NEW YORK: Facebook, the social network, is seeking to become "easier to work with" for advertisers, a goal partly resting on striking a balance between consumer privacy and brands' desire for data.
Following its IPO, Facebook is under increasing pressure to boost revenues, an aim most easily achieved through boosting advertising sales, but also relying on retaining the trust of its 900m users.
Having seen General Motors, the carmaker, stop using paid-for ads, proving their worth to clients is thus vital. "We know we have to become easier to work with," Carolyn Everson, Facebook's VP, global marketing, told the Financial Times.
Alongside developing a set of guidelines for brands, Facebook is also allocating staff members to work with certain advertisers, like Samsung Mobile USA.
"It's less about the financial commitment than it's about having an incredibly savvy marketer who understands the power of all these things together," Everson said.
"The more that people start to see the power of what can be done, specifically around product launches, I think you'll start to see a better playbook behind all this."
Samsung Mobile USA's campaign, supporting its Galaxy III handset, targeted different messages at users of the iPhone, BlackBerry and Google Android devices, encouraging them to switch handset.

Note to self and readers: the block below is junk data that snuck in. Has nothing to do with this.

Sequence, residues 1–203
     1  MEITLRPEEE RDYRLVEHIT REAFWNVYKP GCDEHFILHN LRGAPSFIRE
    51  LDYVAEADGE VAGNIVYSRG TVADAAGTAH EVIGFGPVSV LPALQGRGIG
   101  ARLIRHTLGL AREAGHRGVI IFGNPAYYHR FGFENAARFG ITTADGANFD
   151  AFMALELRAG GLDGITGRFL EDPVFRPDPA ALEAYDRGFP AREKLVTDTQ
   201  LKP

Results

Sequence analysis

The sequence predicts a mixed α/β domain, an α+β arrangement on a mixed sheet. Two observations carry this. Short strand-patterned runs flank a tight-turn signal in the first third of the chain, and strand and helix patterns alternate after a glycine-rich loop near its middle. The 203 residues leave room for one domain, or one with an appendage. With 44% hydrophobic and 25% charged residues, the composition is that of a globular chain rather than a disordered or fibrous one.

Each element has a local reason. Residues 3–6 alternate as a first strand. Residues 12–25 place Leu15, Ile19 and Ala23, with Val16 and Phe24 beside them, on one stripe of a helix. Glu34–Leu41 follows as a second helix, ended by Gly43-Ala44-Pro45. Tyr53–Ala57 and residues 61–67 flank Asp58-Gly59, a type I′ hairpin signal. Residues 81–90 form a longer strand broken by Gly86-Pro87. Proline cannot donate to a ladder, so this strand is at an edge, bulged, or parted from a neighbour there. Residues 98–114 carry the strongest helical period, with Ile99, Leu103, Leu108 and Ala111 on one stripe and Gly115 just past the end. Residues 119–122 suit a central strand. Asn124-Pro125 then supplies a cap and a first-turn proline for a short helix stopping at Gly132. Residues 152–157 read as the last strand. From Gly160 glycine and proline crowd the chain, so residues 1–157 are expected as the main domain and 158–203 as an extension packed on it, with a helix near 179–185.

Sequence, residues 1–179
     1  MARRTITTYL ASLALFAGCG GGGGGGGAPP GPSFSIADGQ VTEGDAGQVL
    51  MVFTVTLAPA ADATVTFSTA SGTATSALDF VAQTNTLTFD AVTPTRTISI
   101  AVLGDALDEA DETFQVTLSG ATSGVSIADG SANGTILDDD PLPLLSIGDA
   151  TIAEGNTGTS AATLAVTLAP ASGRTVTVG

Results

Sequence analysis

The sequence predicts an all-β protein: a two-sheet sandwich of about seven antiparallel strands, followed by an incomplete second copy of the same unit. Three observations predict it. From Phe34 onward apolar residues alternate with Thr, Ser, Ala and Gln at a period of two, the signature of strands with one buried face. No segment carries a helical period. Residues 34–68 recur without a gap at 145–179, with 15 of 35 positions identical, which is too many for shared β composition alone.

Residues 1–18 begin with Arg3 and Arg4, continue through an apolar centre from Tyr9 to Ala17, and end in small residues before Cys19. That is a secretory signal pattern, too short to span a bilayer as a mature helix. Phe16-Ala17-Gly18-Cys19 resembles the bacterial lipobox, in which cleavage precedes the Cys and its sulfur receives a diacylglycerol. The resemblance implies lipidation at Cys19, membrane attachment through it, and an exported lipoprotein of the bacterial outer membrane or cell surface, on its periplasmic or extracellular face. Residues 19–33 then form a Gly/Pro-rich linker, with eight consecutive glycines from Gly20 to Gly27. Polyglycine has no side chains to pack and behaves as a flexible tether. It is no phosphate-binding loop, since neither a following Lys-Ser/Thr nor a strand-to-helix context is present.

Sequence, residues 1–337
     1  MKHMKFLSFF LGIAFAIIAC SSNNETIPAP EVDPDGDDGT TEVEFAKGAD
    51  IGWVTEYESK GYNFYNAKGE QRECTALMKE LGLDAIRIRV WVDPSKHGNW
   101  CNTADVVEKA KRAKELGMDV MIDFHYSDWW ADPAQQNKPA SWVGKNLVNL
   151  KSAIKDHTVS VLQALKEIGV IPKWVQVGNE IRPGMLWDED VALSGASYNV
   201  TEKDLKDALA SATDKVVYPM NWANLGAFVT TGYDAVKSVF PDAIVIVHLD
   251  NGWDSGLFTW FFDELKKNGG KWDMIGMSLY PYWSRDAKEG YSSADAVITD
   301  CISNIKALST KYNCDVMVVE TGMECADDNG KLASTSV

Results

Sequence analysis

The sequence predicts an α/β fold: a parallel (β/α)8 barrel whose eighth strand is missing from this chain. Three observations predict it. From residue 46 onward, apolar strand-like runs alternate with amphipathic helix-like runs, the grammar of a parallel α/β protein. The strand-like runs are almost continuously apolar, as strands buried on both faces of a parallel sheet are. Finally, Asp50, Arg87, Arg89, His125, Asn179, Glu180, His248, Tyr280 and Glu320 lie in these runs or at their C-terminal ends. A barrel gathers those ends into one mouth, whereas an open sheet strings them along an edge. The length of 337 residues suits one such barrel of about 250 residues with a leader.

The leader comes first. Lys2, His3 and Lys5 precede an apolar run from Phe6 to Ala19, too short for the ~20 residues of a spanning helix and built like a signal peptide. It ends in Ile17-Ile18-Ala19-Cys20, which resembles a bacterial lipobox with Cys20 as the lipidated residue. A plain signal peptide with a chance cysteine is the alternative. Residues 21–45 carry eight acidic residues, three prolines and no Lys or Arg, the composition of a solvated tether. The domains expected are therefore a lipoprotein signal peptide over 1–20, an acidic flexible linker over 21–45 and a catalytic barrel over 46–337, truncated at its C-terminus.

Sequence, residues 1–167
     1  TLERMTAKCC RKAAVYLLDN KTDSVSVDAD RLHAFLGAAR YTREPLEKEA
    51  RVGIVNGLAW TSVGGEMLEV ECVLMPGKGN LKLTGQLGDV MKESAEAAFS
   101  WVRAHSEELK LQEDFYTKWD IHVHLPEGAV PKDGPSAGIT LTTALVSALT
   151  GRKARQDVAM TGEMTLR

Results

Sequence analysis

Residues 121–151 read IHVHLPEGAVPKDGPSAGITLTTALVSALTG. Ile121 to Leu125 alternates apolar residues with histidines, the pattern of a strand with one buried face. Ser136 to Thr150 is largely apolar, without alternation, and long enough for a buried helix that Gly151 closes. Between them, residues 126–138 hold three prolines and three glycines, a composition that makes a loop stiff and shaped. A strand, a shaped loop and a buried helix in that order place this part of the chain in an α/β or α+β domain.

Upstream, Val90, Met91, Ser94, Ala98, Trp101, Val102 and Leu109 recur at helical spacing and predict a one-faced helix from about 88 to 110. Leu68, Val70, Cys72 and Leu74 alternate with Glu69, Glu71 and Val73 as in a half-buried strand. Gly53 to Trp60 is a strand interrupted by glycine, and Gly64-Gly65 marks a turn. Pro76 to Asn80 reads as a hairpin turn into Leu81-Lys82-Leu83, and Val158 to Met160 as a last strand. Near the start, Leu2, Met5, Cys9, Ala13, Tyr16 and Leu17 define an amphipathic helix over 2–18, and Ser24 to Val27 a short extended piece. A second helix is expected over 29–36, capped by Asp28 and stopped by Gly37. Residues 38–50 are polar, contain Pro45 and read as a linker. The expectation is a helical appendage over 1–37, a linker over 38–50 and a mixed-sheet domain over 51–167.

To build on this information, the company also utilised data from the wireless networks carrying the Galaxy III, and deployed posts from the brand pages of AT&T Verizon to offer deals to its fans.
In all, the 65m users exposed to targeted ads doubled the usual engagement rate, and 70m people also saw a "takeover" ad that Samsung Mobile USA ran on Facebook's log out page, a first for any firm.
"That says their data are effective ... This is something we're going to do a lot more of," Brian Wallace, Samsung Mobile USA's VP, strategic marketing, said. "If they're not going to give me the data, they should at least understand my business objectives.
"They're in a tough spot," he added. "They're managing lots of privacy and security concerns, and we're just saying 'gimme, gimme, gimme.' So it's going to take time."
Despite this, however, Wallace suggested fans pages are still the most valuable part of Facebook, allowing it to enhance customer relations, loyalty and retention.
Data sourced from Financial Times; additional content by Warc staff